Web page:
|Review: Lalu - Oniric Metal|
Label: Lion Music
Year released: 2005
Genre: Progressive Metal
Review online: October 9, 2008
Reviewed by: Larry Griffin
Rated 3/5 (60%) (5 Votes)
These guys have stayed under my radar for a long time, but now I have discovered them, and what the hell does Prog mean anymore, anyway? Rattling guitars, a sleek production, some layered vocals and some melody-infested solo sections that go on for a few minutes before traipsing into some stop-and-go riffs and space atmospherics? Well, if so, then Lalu are well worthy of the ringing endorsements they never seem to get.
Don't take this as an insult to the band; it is rather...a mere observation on the state of things in the Prog world. There really is something different about these guys. Sure, they sound like Pagan's Mind and Circus Maximus and Anubis Gate, too, but there's something different here. I don't really know what it is. It just sounds like an inspired band making inspired music, and the day I don't appreciate something like that is the day I quit reviewing. Lalu are basically the brainchild of Viven Lalu, French keyboard prodigy and mastermind of several different projects, and you'll have a field day trying to find this shit. No Myspace, their label page doesn't seem to work, et cetera, et cetera.
But it is good. Mark my word on that. "Yesterdayman," "Wolven Eyes," "Windy" and "Nights of Poenari" are all kicking, introspective Prog monoliths flourished with Joop Wolters' impressive but not excessive guitar work, Ryan Van Poederooyen's acrobatic drums, Viven Lalu's exquisite keys and Martin Lemar's vocals - the man sounds quite magical here, sort of like Jacob Hansen of Anubis Gate except with a slightly lower pitch and a more menacing tone when he really gets angry. This band really is something special, with each song being a testament to rock-solid Prog loyalty and also to stunning individuality - a complex if there ever was one. "Moonstruck" and "Starwatcher" are also good, with doomier riffs and heavier synth abuse, very spacey and introspective tunes, and "Timestop" might just be the best song on here, with its dynamic, grandiose mood and masterful vocal performance. Even "Pot Boy: The Final Fantasy," despite going on for way too long, has its charms, boasting a queer comfortable nature about it, and also being a good summation of the album's charms, in the grand scheme of things.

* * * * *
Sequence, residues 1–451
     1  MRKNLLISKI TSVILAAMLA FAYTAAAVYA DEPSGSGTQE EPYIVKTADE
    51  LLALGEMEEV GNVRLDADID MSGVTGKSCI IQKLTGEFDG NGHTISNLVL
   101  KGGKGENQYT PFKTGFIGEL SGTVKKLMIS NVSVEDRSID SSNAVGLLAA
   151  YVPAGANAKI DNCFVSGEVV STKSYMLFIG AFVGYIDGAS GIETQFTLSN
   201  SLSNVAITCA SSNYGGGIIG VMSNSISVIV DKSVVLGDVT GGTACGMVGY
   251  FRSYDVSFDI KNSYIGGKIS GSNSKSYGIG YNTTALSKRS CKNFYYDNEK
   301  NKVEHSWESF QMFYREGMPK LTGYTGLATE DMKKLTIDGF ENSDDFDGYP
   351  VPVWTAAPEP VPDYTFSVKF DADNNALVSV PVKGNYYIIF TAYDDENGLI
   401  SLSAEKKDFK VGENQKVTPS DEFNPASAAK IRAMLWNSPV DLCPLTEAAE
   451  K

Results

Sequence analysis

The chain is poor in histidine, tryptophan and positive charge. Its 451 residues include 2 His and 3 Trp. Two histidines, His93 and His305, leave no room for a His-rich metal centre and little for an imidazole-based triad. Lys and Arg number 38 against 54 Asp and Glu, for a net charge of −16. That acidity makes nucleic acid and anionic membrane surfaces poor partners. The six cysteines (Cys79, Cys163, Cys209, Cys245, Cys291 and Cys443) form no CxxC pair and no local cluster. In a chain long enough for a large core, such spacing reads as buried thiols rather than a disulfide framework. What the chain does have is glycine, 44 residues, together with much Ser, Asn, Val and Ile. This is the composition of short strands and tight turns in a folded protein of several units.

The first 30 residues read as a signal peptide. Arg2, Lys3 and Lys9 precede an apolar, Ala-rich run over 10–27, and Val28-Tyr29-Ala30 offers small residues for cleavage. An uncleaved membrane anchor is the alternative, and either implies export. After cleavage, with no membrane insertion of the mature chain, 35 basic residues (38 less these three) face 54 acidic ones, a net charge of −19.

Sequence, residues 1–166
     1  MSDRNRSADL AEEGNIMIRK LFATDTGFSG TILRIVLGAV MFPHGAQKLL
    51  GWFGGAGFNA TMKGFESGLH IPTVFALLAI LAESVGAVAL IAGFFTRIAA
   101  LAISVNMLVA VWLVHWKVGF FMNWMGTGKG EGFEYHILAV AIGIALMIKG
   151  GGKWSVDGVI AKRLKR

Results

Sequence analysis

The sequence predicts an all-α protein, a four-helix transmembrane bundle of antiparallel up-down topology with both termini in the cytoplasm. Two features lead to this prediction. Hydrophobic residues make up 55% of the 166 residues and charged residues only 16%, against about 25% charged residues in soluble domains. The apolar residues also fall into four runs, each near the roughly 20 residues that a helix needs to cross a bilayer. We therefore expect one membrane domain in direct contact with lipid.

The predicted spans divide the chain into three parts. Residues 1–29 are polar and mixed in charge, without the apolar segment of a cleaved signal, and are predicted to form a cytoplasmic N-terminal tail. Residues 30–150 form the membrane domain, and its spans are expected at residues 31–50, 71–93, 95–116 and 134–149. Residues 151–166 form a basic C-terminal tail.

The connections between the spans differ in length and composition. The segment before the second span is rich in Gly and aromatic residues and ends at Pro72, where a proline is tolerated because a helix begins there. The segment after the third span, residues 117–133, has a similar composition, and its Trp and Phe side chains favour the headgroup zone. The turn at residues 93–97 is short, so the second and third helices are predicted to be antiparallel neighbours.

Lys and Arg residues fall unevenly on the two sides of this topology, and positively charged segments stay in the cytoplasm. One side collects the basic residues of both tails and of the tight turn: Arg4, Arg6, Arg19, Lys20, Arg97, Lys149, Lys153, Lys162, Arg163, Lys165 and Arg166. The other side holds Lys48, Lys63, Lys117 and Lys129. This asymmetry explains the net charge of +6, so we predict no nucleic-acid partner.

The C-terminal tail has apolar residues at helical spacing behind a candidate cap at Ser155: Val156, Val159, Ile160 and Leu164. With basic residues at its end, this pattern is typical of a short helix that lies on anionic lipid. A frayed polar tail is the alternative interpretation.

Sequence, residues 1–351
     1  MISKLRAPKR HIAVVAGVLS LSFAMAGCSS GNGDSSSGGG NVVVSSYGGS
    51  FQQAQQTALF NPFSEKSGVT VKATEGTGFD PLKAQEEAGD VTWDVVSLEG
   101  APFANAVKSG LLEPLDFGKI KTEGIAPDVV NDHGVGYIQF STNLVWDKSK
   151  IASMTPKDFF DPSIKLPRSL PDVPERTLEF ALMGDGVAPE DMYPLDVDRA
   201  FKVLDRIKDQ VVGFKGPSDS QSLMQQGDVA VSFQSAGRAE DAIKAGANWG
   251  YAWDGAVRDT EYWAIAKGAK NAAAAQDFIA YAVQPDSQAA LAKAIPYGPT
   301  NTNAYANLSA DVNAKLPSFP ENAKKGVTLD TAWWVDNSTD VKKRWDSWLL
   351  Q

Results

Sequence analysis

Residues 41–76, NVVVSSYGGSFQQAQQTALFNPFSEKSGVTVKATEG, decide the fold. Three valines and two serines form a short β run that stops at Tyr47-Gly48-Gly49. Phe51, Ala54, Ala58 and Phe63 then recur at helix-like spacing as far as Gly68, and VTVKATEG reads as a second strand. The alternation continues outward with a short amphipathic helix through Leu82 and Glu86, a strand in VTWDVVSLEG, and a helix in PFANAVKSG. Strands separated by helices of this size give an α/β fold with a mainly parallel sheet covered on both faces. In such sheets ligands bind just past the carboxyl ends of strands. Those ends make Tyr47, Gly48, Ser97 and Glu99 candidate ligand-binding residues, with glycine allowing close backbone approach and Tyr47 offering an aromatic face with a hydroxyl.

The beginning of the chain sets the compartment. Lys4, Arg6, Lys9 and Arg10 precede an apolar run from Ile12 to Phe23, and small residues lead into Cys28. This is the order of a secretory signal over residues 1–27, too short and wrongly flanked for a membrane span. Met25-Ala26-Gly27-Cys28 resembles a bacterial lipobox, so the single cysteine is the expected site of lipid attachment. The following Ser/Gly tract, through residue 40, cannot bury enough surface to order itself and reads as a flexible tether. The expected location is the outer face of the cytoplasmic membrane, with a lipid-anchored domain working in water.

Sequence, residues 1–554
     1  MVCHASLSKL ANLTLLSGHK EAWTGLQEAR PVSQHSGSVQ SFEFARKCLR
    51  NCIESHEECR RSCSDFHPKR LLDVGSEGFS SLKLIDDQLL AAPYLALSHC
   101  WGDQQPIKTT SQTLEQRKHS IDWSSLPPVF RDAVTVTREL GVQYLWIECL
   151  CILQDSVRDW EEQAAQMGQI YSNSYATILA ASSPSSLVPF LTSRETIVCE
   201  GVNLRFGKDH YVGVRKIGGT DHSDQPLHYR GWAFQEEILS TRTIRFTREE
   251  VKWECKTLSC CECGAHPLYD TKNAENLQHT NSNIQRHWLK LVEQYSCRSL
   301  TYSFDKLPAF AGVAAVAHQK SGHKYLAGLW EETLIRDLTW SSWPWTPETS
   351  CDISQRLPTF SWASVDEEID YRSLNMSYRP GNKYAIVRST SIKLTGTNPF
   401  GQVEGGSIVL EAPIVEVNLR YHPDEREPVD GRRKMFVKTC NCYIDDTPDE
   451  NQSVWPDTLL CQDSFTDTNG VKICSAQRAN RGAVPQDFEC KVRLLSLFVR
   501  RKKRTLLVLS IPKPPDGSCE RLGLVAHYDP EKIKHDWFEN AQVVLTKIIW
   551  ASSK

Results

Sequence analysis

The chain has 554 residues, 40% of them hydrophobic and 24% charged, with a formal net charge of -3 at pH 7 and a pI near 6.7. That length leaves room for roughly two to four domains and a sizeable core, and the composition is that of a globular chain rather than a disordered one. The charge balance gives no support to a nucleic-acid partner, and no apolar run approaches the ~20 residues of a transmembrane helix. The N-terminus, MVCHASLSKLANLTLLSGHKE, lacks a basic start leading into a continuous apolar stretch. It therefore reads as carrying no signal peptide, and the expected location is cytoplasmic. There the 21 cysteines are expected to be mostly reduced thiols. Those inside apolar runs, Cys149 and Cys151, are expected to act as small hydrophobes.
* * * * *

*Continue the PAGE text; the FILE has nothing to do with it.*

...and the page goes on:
This album flows like the white water rapids, and it doesn't even take a lot of work to get into. Lalu may never be the most widely known band, for whatever terrible reason, but Oniric Metal is something special. This is a really weird predicament, as it is not particularly groundbreaking, and yet somehow, in some strange, oxymoronic twist, it is. I mean, I can't even really tell you why. It just is. Listen to it. Lalu are a healthy balance to this reviewer's everyday breakfast, and they will be to yours, too.
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